Staff picks of the week


By. Fabian Garcia

My movie pick of the week is “Drive” – a high-tension crime drama set apart by simple storytelling and nuanced performances.

The film stars Ryan Gosling as the nameless “Driver” who plays a stuntman by day and a getaway driver by night. When he tries to help his neighbor pay off a family debt, he consequently sparks a violent manhunt on himself.

Relying heavily on Gosling’s nearly silent role, “Drive” is about 90 percent character-driven. It uses the protagonist’s subtle facial expressions, body language and actions to convey a compelling narrative about heroism. In other words, there isn’t too much dialogue, which is nice for a change.

“Drive” does not complicate itself with too many characters or a twisted plot. Things are pretty straightforward so the audience can follow along comfortably. This makes the action less confusing as it unfolds.

Interestingly, the production as a whole evokes an almost timeless feeling. You realize the setting is present day Los Angeles, but the themes of love and bravery make the film seem like a modern classic.

By. Nick Scheuer

Jet Set Radio Future is a decade-old game that shared a disk with Sega GT 2002 and was bundled with new Xboxes. Most people, including me, would expect the game to be mediocre due to these humble origins. However, this game is the exception rather than the rule; there’s a reason it is still $10 used over a decade after its release.

The player takes the role of a rollerblading-gang member in a future Tokyo where a mega-corporation is attempting to smother the city’s culture. The way the gang fights it is by spraying graffiti on walls and on the grey-clad police officers.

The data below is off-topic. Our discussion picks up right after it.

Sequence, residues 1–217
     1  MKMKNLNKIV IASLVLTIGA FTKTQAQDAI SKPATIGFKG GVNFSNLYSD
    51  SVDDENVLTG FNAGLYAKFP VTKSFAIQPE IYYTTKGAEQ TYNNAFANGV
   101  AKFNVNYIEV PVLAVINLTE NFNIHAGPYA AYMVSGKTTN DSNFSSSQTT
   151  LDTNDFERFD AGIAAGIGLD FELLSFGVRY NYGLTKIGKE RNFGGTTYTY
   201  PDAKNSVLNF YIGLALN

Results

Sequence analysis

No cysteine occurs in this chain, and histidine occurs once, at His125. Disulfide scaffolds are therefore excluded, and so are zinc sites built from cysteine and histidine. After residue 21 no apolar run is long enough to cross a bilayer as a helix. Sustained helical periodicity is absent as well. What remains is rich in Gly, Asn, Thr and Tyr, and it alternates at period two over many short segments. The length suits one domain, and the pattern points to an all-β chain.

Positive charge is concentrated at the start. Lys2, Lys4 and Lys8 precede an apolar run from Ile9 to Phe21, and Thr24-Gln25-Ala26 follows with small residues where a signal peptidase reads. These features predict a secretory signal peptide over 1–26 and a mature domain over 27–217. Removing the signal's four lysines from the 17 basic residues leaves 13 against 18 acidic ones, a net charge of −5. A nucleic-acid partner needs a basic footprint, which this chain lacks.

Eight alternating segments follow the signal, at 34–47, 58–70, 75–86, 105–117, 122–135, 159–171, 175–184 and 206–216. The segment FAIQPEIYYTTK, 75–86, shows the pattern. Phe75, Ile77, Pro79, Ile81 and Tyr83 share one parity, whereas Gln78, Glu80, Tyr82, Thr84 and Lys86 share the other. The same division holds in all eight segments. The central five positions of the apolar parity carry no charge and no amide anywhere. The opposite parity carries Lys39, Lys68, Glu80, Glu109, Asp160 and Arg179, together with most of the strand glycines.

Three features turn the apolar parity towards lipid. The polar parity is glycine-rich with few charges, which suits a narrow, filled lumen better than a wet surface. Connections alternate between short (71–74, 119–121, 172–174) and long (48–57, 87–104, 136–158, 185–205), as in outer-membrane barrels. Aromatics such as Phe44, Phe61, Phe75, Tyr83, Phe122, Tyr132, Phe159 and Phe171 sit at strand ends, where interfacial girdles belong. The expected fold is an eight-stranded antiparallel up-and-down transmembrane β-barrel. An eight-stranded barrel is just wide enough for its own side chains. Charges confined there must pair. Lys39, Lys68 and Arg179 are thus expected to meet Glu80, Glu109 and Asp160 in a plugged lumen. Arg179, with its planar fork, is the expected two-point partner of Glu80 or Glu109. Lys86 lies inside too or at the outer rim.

What makes this game stand out from its silly plot is the fun gameplay and innovative use of music. The player travels through downtown on Tokyo at unreasonably fast speeds while a multitude of indie-hip hop tracks blasted in the background, depending on which area the player was in. Admittedly, the game has some technical issues due to its age and lower budget, but it is extremely fun and will provide dozens of hours of entertainment. Jetset Radio is avalaiable soon on Xbox Arcade for $10.

By. Vanessa Walker

If you’re in the mood to listen to a record that is catchy, addicting and a great addition to any workout playlist, try Metric’s 2009 record, “Fantasies.”

The record is known for the infectious song “Help, I’m Alive,” but they’re notorious for making songs with seemingly nonsensical lyrics. Tracks like “Stadium Love” tout lines such as “wanna make a bet/ we’ll be neck to neck taking off the gloves/ spider versus bat/ tiger versus rat, rabbit versus dove” with no clear indication of what Amy Haines is actually talking about.

Even though the songs take a little effort to decipher, they’re fun to sing along to on the way to school on a Monday morning or on the way out on Friday nights.

But be warned—the tracks “Twilight Galaxy,” “Collect Call” and “Blindness” have slower tempos and the transition from the other fun and upbeat sing-along songs can be jarring. Skip over those unless you’re in the mood for them.

If you aren’t ready to take the plunge and buy the whole album, try a few tracks off of iTunes for $1.29 each first. But you’ll come back for more soon after that.